Sunday, 31 August 2014
Please Call Me What I Am...
Don’t be alarmed but it offends me that you think I am offended when you call me what I am…BLACK
I have contemplated writing about this subject for quite some time now but have put it off because I didn't think it was necessary living in the twenty first century. Then something happened which gave me a little nudge.
One day as I was having an interesting discussion with a friend, it occurred to me that they felt they could not describe a black person as that - black! The discussion we were having was such that they needed to be explicit in order to drive a point home, but when it came down to it they couldn't describe the person in the way they needed to so as to keep the conversation flowing. For the sake of being politically correct they tip toed and meandered, throwing words like coloured, brown, from Africa and so on. Although I understood, I could not help but feel a volcano brewing inside me, so in the end I had to say it for them - BLACK. Immediately, I could see the relief sweeping across their face. 'Blackk' was better coming from my mouth rather than theirs, so they thought.
Well, excuse me!
Don't get me wrong; I am not naive, neither am I ignorant of the history behind the prejudices, the need to be politically correct, slavery issues, the whole enchilada! I also realise that it works both ways as some of my black brothers and sisters play the race card every chance they get which scares the hell out of those not black. Some simply do not want to be identified as such and are offended when they are called black. They may not say it out loud but it shows on their faces the moment the word 'black' is uttered. But why is that, I find myself asking.
Let's look at this for a minute, shall we? Doesn't it mean that the person who thinks that it offends me for them to call me black is showing me just how prejudiced they are? Are they in fact not telling me that there is something wrong with my being black? And if you're the black person taking offence just because someone has called you black, doesn't that imply that you haven't fully embraced your blackness? What is it exactly that you think is wrong with you being black?
It saddens me that every day I have to remind my daughter that she is just as beautiful and precious as her white Caucasian best friend. Her friend has never said or done anything to make her feel that she isn't lovely, but she as a child she can't help notice that she is different. As a mother it is not only important for me to tell her that there is nothing wrong with being the way she is, but to live what I say. How can she believe and embrace what I say if it is apparent, through my actions or otherwise, that I don't in fact believe my own words?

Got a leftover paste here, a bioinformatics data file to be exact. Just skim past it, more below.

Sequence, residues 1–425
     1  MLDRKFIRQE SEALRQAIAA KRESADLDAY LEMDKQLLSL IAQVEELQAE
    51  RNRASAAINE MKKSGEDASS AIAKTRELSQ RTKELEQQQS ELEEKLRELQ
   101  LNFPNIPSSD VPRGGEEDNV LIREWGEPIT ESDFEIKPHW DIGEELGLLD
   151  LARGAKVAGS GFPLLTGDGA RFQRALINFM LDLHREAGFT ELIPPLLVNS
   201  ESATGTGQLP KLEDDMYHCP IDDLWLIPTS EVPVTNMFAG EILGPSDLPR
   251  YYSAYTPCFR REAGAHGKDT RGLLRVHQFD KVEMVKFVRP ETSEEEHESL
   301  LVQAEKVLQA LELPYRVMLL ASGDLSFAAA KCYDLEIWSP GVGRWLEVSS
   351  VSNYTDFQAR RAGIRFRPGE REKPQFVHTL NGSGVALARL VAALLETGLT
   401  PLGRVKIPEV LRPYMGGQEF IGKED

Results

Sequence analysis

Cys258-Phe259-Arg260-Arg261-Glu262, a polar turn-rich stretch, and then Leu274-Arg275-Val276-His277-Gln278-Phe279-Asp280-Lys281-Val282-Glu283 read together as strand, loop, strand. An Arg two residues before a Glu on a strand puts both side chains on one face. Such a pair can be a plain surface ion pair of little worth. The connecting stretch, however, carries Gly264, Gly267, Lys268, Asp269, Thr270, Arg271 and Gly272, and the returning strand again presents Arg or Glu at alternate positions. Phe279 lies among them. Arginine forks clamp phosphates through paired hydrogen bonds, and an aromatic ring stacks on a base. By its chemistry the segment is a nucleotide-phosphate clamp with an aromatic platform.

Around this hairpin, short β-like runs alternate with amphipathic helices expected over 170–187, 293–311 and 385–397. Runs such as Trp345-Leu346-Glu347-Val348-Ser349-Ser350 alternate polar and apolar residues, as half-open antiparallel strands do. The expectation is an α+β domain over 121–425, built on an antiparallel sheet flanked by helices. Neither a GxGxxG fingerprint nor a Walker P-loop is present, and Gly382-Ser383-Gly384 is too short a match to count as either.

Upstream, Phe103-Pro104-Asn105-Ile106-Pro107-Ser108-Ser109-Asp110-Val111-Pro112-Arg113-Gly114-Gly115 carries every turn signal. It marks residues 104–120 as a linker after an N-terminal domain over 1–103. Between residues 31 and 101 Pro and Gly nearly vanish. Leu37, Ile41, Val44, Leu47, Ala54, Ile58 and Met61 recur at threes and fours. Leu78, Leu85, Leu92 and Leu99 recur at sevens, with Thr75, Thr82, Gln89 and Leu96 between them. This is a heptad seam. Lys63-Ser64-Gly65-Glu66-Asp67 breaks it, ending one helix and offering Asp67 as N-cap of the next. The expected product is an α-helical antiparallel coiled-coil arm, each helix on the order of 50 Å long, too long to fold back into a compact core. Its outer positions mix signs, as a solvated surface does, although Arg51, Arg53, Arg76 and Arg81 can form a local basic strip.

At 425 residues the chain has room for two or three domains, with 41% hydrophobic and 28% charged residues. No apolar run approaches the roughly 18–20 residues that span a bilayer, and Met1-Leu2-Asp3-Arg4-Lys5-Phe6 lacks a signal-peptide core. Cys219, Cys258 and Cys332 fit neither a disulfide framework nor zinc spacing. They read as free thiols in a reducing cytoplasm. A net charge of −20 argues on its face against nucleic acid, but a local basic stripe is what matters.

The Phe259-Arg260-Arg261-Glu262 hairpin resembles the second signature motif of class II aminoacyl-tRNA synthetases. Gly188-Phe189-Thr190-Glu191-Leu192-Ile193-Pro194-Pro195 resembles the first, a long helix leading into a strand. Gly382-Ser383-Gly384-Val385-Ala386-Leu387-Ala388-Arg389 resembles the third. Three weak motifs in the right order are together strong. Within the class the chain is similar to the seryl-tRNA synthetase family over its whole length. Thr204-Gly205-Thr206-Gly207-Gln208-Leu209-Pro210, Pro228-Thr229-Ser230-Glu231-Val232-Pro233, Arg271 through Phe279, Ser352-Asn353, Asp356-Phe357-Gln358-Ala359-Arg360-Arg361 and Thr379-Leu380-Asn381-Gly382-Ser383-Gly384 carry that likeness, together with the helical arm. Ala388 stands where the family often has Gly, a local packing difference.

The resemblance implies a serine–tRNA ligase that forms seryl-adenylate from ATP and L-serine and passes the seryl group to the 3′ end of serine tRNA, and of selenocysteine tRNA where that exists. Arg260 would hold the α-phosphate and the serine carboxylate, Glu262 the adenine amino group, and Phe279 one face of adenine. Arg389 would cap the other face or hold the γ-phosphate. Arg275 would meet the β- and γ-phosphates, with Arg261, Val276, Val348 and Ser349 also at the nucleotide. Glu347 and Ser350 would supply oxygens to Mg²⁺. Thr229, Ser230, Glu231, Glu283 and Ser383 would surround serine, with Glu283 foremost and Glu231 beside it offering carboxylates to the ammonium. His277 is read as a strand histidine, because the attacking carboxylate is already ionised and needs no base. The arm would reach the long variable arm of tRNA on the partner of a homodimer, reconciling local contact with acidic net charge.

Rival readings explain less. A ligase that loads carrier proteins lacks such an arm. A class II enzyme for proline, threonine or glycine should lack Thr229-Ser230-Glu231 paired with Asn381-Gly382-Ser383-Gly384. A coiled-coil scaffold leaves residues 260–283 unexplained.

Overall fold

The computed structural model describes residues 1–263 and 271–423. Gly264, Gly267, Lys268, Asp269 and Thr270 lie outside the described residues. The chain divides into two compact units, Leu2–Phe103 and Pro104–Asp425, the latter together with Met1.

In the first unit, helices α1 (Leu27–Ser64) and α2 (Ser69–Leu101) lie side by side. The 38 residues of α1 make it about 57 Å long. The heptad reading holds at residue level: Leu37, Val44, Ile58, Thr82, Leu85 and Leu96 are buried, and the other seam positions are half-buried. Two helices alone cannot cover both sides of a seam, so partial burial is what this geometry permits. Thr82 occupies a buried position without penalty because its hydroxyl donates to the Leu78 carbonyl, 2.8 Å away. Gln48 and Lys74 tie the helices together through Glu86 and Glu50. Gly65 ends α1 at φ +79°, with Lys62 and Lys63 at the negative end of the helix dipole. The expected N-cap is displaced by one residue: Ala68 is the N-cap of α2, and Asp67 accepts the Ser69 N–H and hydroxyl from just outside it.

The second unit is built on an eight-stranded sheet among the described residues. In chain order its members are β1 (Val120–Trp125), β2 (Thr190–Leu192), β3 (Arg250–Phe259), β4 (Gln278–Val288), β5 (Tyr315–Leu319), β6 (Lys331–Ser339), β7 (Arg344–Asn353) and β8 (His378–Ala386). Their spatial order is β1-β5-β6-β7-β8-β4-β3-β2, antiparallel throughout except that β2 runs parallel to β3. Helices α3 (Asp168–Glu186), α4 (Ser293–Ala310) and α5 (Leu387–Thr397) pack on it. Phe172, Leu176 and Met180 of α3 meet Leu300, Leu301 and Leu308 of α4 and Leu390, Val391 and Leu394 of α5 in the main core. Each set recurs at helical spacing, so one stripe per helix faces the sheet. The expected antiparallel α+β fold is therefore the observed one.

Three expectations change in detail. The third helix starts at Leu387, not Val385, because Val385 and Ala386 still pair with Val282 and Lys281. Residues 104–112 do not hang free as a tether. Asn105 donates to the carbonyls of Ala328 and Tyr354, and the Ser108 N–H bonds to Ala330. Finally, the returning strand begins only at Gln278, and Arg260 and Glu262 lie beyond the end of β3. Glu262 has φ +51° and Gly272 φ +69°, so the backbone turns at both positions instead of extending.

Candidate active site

I have to admit that the issue of blackness can be a very touchy subject especially for sisters out there. I will admit, I have the occasional braids, extensions but like most sisters out there, it is because it saves time in the morning when we have to rush to work, is easier to manage and because I simply get bored very easily wearing the same hairstyle every day. But when my hair is out I also should be able to wear it with pride because it is beautiful the way it is. As a mother that is what I want my daughter to understand.
I have read Maya Angelou's 'I Know Why The Caged Birds Sing' and I have to say that I cringed when I read some parts where she talks about some of the derogatory terms that were used to describe black people. But I have to say that it has been a breath of fresh air to note that more and more people, especially women, have embraced the natural black look to the extend of appearing on the covers of some glossy magazines.
I believe that it takes a certain degree of understanding, intelligence and maturity if you like to reach a stage where you realise that there is nothing at all wrong with being different. In fact different, in my book, is good. Imagine a world where everything looks the same, tastes the same and behaves the same. How boring. I would like to think that it is our differences that make life exciting and fascinating. If someone doesn't accept you for who you are then isn't it fair to say that they are not worth your time anyway? I also believe that it is only when we embrace what and who we really are first that others can do the same. How can we expect someone else to love and appreciate the real you when you don't like yourself? It is an impossible task, I think.
That is why I say that it offends me when you think that I am offended to be called what I am....A BLACK LADY!
Stay cool out there!